US 5677564 A
The invention concerns fabrication of oxide-filled isolation trenches in integrated circuits. The invention etches a network of trenches in the surface of a uniformly doped wafer which has experienced no substantial processing steps. Such a wafer will have little, if any, surface damage. Such a wafer will etch to the same depth everywhere, because two major factors which affect etching rate are (a) surface damage and (b) doping non-uniformity, and these factors are absent. The trenches are then filled with oxide. They define islands upon which devices (such as transistors) may now be fabricated.
1. A precursor structure for the fabrication of integrated circuits, comprising:
a plurality of islands, separated from each other by unoxidized trenches which are no deper than 0.3 microns and vary in depth by no more than ten percent; and
no implanted regions in the wafer.
2. A precursor wafer for the fabrication of integrated circuits, comprising:
a network of trenchs which electrically insulate islands of substrate from each other, said trenches being no deeper than 0.3 microns and vary in depth by no more than ten percent; wherein said trenches are unoxidized trenches; and
no implantation damage in the wafer.
3. A wafer according to claim 2 and further comprising a layer of epitaxial silicon in which the trenches are formed.
4. A precursor wafer for the fabrication of integrated circuits, comprising:
a network of trenches which electrically insulate islands of substrate from each other, said trenches being no deeper than 0.3 microns and vary in depth by no more than ten percent, wherein said trenches are unoxidized trenches; and
no implanted regions in the wafer.
5. A wafer according to claim 4 and further comprising a layer of epitaxial silicon in which the trenches are formed.
This is a continuation of application Ser. No. 08/455,592 filed on May 31, 1995, abandoned, which is a divisional of application Ser. No. 08/160,983 filed Dec. 1, 1993, abandoned.
FIG. 1 is highly simplified, and illustrates nine CELLs contained in an integrated circuit (IC). (Interconnections between the CELLs are not shown.) Each CELL contains a completed device, such as a transistor (not shown), which must be electrically insulated from neighboring CELLs. The insulation is indicated by the empty SPACEs, positioned between the devices, and which make up the gridwork 3, indicated in phantom. Points A, B, C, and D indicate corresponding locations.
Gridwork 3 indicates that empty spaces, located in the substrate, are used as insulation. However, in fact, the spaces are not actually empty, but contain structures which facilitate insulation. (One reason for using these structures, rather than merely the silicon which forms the substrate, is that, for a given consumption of area, higher insulation values can be obtained from the structures than from silicon itself.) Several different types of structure are used.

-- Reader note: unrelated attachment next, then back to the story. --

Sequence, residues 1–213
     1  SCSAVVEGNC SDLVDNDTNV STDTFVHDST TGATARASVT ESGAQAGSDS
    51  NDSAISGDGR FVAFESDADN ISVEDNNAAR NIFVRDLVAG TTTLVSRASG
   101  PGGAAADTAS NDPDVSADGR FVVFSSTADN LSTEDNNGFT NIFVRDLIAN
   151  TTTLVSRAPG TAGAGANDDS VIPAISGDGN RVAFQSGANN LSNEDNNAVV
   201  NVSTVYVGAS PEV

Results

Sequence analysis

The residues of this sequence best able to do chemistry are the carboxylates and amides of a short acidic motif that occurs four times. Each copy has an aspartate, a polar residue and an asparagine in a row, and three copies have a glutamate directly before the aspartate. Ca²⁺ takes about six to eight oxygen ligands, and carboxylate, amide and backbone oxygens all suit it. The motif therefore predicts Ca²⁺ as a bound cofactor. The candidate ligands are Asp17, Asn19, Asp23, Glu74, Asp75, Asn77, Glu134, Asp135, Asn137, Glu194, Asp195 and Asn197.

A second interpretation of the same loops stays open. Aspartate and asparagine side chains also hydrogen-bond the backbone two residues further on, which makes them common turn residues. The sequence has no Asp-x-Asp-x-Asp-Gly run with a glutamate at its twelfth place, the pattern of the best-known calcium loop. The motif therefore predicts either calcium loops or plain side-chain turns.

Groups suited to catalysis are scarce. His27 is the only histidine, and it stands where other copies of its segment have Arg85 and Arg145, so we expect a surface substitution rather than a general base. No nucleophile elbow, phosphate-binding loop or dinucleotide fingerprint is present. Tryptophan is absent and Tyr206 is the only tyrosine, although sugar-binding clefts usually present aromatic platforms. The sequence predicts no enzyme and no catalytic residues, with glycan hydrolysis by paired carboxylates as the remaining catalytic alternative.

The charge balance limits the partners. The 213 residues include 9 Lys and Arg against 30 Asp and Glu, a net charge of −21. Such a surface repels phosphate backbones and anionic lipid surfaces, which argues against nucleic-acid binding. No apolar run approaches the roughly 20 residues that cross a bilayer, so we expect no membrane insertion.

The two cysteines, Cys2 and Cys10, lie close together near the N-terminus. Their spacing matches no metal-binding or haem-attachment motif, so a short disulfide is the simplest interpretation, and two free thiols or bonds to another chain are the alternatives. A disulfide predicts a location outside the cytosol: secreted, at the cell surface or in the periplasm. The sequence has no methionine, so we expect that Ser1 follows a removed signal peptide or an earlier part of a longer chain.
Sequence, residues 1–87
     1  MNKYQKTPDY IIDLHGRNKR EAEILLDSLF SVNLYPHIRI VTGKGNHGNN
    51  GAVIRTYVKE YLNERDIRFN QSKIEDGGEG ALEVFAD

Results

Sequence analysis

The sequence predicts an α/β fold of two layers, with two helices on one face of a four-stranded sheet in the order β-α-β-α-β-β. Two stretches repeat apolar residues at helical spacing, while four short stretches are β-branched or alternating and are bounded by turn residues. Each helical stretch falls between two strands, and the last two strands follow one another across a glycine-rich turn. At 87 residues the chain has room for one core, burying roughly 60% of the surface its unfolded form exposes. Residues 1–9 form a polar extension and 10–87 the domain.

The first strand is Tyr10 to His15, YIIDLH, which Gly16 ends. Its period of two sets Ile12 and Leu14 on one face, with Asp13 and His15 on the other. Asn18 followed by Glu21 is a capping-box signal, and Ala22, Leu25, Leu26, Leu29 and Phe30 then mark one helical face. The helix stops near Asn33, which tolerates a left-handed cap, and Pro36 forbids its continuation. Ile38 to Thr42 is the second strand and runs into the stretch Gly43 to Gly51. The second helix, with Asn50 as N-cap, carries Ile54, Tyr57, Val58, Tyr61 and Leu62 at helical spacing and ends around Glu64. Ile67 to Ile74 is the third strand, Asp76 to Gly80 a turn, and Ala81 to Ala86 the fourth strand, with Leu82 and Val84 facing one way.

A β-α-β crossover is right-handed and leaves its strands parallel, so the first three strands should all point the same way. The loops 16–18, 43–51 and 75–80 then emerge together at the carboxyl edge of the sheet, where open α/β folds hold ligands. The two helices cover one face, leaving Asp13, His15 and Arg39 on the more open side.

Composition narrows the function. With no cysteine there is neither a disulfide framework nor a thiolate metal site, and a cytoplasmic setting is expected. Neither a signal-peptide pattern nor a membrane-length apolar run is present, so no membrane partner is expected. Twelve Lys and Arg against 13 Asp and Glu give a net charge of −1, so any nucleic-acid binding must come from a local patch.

One approach is the use of junction isolation, as shown in FIG. 2. A PN junction, formed between a P+ and N region, is held in a reverse-biased condition, and acts as an extremely high resistance, or insulator.
Another approach, shown in FIG. 3, is to use TRENCHes filled with specific dielectrics, which act as insulators. The TRENCHes can be configured into the pattern of the gridwork 3 in FIG. 1. The structure labeled 6 in FIG. 3 undergoes further processing, as indicated, in order to form a completed device.
Yet another approach is shown in FIG. 4, wherein V-GROOVEs are used. A specific type of V-groove approach is shown in the sequence of FIG. 5. In FIG. 5A, deep V-GROOVEs are etched into the surface of <100> silicon. An N+ diffusion is undertaken, followed by growth of a silicon dioxide layer on the surface, producing the N+ region and the silicon dioxide layer shown in FIG. 5B.
In FIG. 5B, a thick layer of polysilicon is deposited upon the silicon dioxide. Then, the back (ie, the bottom part of the wafer shown in FIG. 5B) is abraded away in a lapping process. The wafer is then flipped over, and transistors are fabricated on the new surface S which was created by the lappping operation, resulting in the structure shown in FIG. 5C.
Thin Isolation Trenches are Sometimes Necessary
The prior art approaches of FIGS. 3, 4, and 5, produce deep trenches (ie, deeper than 1.0 micron). In some fabrication processes, very shallow isolation trenches are required (eg, in the range of 0.1-0.3 micrometers in depth). Further, these shallow trenches must have uniform depths, because they are later filled with oxide, and the finished oxide must be level with the surface of the wafer.
For example, as a rough approximation, assume that, during a given oxidation step, all shallow trenches in a given wafer become filled with the same depth of oxide, namely, a depth of 0.1 micron. If a TRENCH is too deep, as FIG. 6 illustrates, the oxide will not reach the SURFACE of the wafer. On the other hand, if a TRENCH is too shallow, the oxide will form a mound above the SURFACE, as FIG. 6 indicates. Both cases fail to meet the requirements: in neither case is the oxide level with the SURFACE. Thus, variations in trench depth cause the oxide to be non-level with the SURFACE, and cause problems in yield and reliability.